The glenosphere was then trialed and it adequately covered the inferior aspect of the glenoid. The final glenosphere was inserted, which adequately covered the glenoid. The stem was then trialed with a standard humeral bearing and tray. It could be reduced and had appropriate deltoid tension. The canal was lavaged copiously, and then the final stem was impacted.

The final humeral bearing was inserted, and the shoulder was found to be stable throughout a ROM (Figure 6). A drain was placed exiting posterolaterally. The wound was copiously irrigated, a gram of vancomycin powder was dispersed in the wound, and then the deltopectoral interval was closed in layers.

The patient was placed in a shoulder immobilizer for 6 weeks postoperatively. At 2 weeks postoperatively, the patient began supervised physical therapy with passive FE to 100° and ER to neutral. The patient was seen again at 6 weeks, 3 months and 7 months postoperatively during which time there was gradual progression in his rehabilitation. Postoperative imaging showed no evidence of hardware complication, dislocation or fracture (Figure 7). At the patient’s 7-month postoperative visit he was noted to have a painless active ROM of 140° FE, 30° ER, and IR to L5.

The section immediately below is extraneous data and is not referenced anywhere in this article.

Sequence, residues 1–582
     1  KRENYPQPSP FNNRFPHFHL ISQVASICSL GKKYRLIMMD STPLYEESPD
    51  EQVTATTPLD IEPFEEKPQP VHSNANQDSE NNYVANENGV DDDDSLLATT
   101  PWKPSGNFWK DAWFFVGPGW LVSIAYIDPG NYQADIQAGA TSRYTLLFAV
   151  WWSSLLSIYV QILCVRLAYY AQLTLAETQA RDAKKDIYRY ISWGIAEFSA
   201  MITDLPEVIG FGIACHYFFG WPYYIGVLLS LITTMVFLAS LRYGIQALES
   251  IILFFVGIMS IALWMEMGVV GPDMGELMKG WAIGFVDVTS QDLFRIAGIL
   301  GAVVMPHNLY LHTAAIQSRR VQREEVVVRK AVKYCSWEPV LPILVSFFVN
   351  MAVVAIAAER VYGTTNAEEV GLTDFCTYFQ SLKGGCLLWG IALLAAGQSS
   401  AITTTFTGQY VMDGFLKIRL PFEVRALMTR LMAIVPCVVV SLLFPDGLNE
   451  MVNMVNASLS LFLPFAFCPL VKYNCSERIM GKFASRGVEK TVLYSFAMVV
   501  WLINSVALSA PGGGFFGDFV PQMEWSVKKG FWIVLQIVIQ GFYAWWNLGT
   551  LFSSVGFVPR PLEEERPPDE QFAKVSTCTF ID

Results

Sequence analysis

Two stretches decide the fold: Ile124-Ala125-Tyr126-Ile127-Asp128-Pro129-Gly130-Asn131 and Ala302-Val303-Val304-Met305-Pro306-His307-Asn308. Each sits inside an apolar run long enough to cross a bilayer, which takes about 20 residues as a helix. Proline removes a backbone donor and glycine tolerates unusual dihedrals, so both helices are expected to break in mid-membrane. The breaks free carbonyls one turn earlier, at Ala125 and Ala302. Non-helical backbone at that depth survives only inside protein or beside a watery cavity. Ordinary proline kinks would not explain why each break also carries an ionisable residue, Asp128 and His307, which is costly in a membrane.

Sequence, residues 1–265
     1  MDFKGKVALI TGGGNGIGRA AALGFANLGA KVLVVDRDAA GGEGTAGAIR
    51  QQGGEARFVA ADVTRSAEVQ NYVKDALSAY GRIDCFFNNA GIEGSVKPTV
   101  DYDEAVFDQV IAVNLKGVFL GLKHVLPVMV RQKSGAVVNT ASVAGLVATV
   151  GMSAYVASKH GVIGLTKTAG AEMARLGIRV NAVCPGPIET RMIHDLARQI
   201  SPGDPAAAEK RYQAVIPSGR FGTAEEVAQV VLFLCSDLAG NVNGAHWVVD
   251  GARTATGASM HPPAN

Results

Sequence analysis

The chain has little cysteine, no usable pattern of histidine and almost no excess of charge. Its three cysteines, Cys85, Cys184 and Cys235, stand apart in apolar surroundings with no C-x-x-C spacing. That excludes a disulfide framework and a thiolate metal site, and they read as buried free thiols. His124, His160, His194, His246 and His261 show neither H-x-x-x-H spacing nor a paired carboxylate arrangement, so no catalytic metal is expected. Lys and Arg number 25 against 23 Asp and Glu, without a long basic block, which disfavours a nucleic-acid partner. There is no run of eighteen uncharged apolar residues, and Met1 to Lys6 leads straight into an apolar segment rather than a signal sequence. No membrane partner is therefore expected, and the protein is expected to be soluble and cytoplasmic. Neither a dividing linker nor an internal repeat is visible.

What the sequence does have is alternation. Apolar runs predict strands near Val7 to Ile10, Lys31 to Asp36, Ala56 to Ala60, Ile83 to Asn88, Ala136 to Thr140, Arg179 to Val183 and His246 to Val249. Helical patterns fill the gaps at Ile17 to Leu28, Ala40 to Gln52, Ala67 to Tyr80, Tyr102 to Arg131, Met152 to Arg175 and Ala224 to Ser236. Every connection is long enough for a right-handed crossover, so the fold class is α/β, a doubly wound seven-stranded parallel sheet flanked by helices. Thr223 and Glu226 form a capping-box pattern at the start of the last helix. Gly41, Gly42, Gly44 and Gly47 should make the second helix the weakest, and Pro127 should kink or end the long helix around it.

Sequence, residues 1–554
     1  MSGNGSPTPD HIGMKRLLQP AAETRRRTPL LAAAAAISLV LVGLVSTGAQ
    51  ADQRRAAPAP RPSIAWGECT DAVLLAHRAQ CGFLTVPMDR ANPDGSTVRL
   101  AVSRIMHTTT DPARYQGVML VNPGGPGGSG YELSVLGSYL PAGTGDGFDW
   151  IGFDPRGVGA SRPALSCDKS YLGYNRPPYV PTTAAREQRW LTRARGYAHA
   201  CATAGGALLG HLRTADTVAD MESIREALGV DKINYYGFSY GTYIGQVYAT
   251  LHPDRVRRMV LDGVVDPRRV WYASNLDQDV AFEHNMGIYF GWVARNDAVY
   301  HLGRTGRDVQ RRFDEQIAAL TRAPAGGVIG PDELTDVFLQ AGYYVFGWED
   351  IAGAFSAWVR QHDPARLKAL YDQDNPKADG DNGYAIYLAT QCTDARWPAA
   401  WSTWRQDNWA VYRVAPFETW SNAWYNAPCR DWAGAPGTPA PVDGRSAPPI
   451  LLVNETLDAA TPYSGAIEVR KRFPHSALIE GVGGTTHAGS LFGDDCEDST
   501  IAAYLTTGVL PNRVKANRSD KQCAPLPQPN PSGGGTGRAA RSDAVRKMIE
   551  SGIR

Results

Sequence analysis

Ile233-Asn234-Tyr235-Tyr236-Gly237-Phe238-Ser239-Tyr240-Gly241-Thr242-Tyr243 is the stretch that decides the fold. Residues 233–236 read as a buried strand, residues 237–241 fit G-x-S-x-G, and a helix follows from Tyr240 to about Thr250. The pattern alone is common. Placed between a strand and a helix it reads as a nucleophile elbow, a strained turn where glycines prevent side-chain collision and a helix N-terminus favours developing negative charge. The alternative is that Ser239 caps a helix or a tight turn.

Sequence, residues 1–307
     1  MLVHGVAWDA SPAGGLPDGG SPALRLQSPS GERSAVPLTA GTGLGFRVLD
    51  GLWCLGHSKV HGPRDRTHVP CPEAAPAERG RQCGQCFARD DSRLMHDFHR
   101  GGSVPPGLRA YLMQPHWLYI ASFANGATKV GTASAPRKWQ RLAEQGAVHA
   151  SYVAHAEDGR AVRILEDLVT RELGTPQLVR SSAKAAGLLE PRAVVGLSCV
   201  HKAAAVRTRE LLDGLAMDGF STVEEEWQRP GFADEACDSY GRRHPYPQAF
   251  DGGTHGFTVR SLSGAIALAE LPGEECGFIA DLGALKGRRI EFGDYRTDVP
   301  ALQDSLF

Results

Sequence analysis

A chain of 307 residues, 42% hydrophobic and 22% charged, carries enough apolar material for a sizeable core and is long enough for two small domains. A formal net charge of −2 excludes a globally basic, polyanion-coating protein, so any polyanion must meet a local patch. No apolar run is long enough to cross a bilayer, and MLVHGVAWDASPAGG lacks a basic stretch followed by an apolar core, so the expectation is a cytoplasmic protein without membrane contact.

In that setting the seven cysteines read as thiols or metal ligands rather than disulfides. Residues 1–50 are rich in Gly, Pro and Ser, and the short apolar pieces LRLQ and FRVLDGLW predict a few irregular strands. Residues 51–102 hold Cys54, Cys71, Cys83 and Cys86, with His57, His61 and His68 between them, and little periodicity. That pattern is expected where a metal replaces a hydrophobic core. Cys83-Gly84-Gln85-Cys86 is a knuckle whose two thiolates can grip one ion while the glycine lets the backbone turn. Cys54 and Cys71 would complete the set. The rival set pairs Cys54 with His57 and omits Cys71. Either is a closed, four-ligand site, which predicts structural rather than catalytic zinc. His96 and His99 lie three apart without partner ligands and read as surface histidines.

postoperative AP radiograph
Figure 7. An immediate postoperative AP radiograph shows left reverse TSA with the VRS (a). The AP (b) and lateral (c) images at 7 months postoperatively show no evidence of component loosening or fracture.


Complex glenoid bone deformity and deficiency is a growing problem in revision TSA. Severe glenoid bone loss leads to medialization of the glenohumeral joint line and inadequate bony fixation for arthroplasty implants. Current methods to address this include glenoid bone grafting, specialized glenoid implants with posterior augmentation and patient-specific customized glenoid implants created using 3-D CT scan reconstructions.